“I practice something my therapist taught me, which is to listen to what your mind and body actually need, right now, in this moment, guilt-free (guilt-free being the important thing). Is it to take a bath? Is it to indulge in some retail therapy? Is it a Netflix binge day instead of doing those chores? A quick yoga practice? Doing absolutely nothing at all? Great. It’s all good, and it’s all okay. Whatever you need in this moment right now is good and ok. Tune into that and do those things you need. This has helped me immensely to get through some bad days, and to be less hard on myself in general.” – Alissa Chessario, 30, Philadelphia.

“I give myself permission to have a difficult day. I let go of expectations and take time to do something creative, or if I’m not up to that to take a walk, watch a movie, keep meals very simple, let the housework go for a minute. I tell myself, it’s just a day, there are many more days ahead when you can be efficient and productive, and it’s not a competition. I don’t have to be a super hero every single day.” – Elizabeth Bunn, 67, Cornelius, North Carolina.

“I have become a pandemic Yoga with Adriene fan. She is soothing and inspiring, and the gentle physical movement is often exactly what I need after a day of teaching and running my kids from place to place. Movement is my healthiest coping strategy. I remind myself that I am a role model for our daughters and for my students, and I can’t take care of them if I’m not taking care of me.” – Beth Simbro, 47, Alliance, Ohio


“Going to church helps me, especially after a difficult week. Being Episcopalian, the liturgy of my faith tradition encourages me to reflect on the week and helps me to be more centred for the coming week.” – Ocean Eale, 24, Beaverton, Oregon.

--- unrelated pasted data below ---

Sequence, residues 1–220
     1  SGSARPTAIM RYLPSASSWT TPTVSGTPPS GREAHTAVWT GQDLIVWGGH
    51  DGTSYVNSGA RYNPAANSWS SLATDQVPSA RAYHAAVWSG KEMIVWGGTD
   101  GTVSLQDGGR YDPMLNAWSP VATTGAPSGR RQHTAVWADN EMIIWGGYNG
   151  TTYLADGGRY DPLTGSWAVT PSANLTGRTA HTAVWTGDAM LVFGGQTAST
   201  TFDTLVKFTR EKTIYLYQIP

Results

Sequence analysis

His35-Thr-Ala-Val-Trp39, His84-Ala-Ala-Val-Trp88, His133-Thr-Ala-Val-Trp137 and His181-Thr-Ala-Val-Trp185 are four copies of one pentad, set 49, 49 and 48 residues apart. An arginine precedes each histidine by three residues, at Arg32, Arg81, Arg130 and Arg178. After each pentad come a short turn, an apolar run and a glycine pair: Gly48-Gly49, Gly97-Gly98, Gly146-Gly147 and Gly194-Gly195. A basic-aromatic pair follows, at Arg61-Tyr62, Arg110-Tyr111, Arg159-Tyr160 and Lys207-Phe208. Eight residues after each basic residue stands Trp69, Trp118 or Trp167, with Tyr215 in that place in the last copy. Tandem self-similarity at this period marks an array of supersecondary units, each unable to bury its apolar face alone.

“I am currently a first year law student trudging my way through my third straight year of school during a pandemic. Needless to say, I am terrified and exhausted of everything going on. Each day there is more bad news and I haven’t seen some of my closest friends in years now. This is no way to go through my early 20s.

“One of the ways I have been staying connected and maintaining relationships is by simply sharing funny videos with friends over social media. Sending and receiving memes from friends far away can have a huge impact on my day. I suppose it’s nice to know distant friends are thinking about me throughout their day, and have photos or videos that they know I would appreciate. It’s really not much, but it’s one of the things that has kept me going through all this.” – Quinn Heltzel, 22, Highland Heights, Kentucky.


“Classical music and deep breathing exercises help me during the day. The biggest thing that has helped me though is dropping social media. I had no idea how bad that actually was for my mental health. I’ve also started running in the mornings. Even though I have to talk myself into it every morning, it’s really helped with my stress levels throughout the day and gives me a sense of accomplishment first thing.” – Corey Phillips, 40, Toccoa, Georgia.

“I do a ‘5-4-3-2-1’ meditation that involves getting quiet, focusing on my breath, and focusing on five things I can see, four things I can feel, three things I can hear, two things I can smell, and one thing I can taste (or the last thing I tasted). Then I focus on my breathing for another couple minutes and set my intentions for the rest of the day. It’s a meditation you can do anywhere with just yourself. I like it because my mind wanders when I try to meditate, and this gives me something to focus on.” – Aaron Lawlor, 39, Chicago